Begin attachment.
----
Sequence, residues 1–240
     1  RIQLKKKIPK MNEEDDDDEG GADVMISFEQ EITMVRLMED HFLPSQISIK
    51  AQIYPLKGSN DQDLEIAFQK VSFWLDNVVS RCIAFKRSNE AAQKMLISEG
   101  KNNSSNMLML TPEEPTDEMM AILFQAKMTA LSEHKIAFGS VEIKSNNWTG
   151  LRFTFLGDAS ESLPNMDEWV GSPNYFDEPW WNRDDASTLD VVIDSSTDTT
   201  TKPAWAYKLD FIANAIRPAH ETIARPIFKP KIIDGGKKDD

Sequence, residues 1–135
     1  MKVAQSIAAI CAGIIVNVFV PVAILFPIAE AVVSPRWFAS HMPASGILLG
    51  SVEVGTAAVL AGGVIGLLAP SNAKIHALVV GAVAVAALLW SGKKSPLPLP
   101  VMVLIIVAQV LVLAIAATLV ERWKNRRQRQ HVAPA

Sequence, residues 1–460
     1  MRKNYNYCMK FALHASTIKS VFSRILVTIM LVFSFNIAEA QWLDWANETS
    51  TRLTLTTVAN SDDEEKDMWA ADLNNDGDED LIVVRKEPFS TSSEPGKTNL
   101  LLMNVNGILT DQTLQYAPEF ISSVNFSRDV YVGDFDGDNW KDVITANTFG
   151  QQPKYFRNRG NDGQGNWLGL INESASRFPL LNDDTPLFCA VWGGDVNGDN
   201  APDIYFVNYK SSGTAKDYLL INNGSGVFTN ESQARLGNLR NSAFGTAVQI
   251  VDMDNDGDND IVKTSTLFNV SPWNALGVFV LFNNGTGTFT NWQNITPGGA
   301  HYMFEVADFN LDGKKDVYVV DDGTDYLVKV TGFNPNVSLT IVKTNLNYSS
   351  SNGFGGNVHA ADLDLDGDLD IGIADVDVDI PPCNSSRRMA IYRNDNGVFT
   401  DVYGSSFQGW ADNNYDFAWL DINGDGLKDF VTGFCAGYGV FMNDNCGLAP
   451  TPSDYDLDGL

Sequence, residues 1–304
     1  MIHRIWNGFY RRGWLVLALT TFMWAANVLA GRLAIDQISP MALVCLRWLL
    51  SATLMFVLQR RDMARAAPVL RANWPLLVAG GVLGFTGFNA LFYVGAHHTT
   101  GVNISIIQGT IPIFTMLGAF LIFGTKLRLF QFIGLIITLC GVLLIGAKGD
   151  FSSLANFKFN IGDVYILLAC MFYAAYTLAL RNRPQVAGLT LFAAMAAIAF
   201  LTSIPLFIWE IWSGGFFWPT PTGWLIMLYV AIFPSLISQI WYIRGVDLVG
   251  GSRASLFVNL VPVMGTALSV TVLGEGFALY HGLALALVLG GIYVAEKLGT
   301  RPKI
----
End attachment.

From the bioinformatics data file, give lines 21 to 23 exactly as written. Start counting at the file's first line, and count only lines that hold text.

   451  TPSDYDLDGL

Sequence, residues 1–304
     1  MIHRIWNGFY RRGWLVLALT TFMWAANVLA GRLAIDQISP MALVCLRWLL